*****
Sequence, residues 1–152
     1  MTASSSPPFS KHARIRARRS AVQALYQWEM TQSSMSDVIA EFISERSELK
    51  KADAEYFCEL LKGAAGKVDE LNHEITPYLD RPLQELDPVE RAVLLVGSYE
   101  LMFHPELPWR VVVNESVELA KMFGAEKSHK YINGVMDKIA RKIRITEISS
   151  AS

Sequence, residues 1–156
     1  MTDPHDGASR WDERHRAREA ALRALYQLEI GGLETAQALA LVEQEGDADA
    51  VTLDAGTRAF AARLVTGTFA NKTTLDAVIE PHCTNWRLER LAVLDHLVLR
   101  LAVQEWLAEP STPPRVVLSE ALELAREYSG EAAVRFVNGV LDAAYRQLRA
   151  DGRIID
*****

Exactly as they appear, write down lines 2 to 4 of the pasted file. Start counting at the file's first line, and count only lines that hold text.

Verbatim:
     1  MTASSSPPFS KHARIRARRS AVQALYQWEM TQSSMSDVIA EFISERSELK
    51  KADAEYFCEL LKGAAGKVDE LNHEITPYLD RPLQELDPVE RAVLLVGSYE
   101  LMFHPELPWR VVVNESVELA KMFGAEKSHK YINGVMDKIA RKIRITEISS